Proven Performance, But Uncertain Availability
Brian Nettz, CGCS, is a superintendent who is sold on autonomous mowers. His golf course maintenance staff at Presidio Golf Course in San Francisco started using five autonomous greens mowers two years ago—long before “social distancing” became part of our everyday lexicon in the wake of concerns about the spread of coronavirus, and restrictions on courses and their staffs were imposed to threaten maintenance operations just as a new golf season was about to begin.
In February, however, Nettz was thrown a pre-coronavirus curve, when Cub Cadet, the manufacturer of the autonomous mowers Presidio uses, informed Nettz and other superintendents that it was pulling out of the market because of technical challenges that would be time-consuming to address.
Currently, Presidio’s maintenance staff is still using its autonomous mowers, but Nettz will eventually have to look into ways to replace them. He is considering using triplex mowers or hand-mowing greens, in addition to exploring the autonomous options that other mower manufacturers have been developing.
Nettz got his first look at robotic mowers when another local golf course was using them on a trial basis. “The machine is heavy, so it was essentially mowing and rolling at the same time, and the guy with the machine was hand-raking the bunkers,” says Nettz. “The mowers are also electric, so that is in our wheelhouse.”
Coupled with the need to replace his greens mowers and San Francisco’s difficult labor market, Nettz made a pitch to property officials to try the mowers. Presidio, which had just finished rehabilitating the golf course in-house at a cost of about $2 million, got the robotic mowers on a four-year lease. While the club’s course-maintenance department purchases most of its equipment, “With this kind of technology, it made no sense to purchase, because it’s going to be outdated,” Nettz explains.
The machines, which weigh about 600 pounds and learn the shape of each green they’re programmed to cut, start with a push button. An underground wire is installed around the perimeter of the greens to guide the mowers, and the operator places multiple beacons around the greens. The beacons send sound waves back to the mowers to orient the machines.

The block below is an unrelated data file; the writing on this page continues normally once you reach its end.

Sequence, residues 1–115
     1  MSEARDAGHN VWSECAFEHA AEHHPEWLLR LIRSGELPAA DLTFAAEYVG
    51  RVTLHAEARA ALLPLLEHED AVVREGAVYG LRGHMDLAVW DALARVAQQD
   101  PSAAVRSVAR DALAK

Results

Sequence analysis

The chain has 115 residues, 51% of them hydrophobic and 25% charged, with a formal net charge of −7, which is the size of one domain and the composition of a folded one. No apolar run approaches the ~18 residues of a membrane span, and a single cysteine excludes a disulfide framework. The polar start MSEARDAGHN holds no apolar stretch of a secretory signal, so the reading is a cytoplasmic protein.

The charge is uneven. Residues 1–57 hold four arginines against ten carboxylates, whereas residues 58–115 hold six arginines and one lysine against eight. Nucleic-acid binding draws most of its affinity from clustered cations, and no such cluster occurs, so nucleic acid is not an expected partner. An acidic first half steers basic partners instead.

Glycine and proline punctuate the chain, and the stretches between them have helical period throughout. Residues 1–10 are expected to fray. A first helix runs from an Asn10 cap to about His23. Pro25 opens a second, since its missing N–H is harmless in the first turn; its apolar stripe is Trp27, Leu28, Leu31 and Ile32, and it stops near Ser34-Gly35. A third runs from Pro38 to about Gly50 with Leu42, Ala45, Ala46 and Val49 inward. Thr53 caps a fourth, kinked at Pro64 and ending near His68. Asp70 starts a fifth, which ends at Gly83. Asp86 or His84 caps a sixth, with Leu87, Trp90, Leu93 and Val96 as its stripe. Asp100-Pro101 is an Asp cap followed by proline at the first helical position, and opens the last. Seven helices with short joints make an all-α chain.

“They operate off of sound and light, so you place beacons out on platforms around the greens,” says Nettz. “If it’s windy or foggy, you can get communication issues.”
The grounds crew members were initially skeptical of the machines, Nettz reports, and didn’t like having to hand-rake the bunkers while the machines mowed the greens. However, he adds, “They learned to appreciate them.”
An autonomous mower is programmed to stop if something obstructs its path, but a human has to restart the machine. In addition, Nettz says, “You have to transport it from green to green on a trailer. It doesn’t know its way around the golf course, but it knows its way around the greens.”
In colder weather, the machines can be set to roll the greens without mowing them, so they won’t stress the grass. In addition, Nettz says, the robotic mowers work well on cool- and warm-season grasses.
The autonomous mowers have some issues with hills, he reports, and there is a limitation to the slope they can handle. “If you have sloping terrain around the greens, sometimes they have issues making turns,” he explains.
To alleviate the problem, the grounds crew can put down boards or tweak the turn-radius programming on the machine to preserve the grass.
While a robotic mower can be used on more than one green, Nettz explains, his staff generally uses the same ones on the same greens. Because they are slow to turn, he notes, it can take them a little longer than it takes to hand-mow greens.
Still, he says, they’re cost-effective, because the labor is offset by other tasks crew members can perform while the machines are mowing the greens. A year’s lease payment equals one staff member’s salary, which has saved him from hiring an additional person. “And they’re not burning gas,” he notes.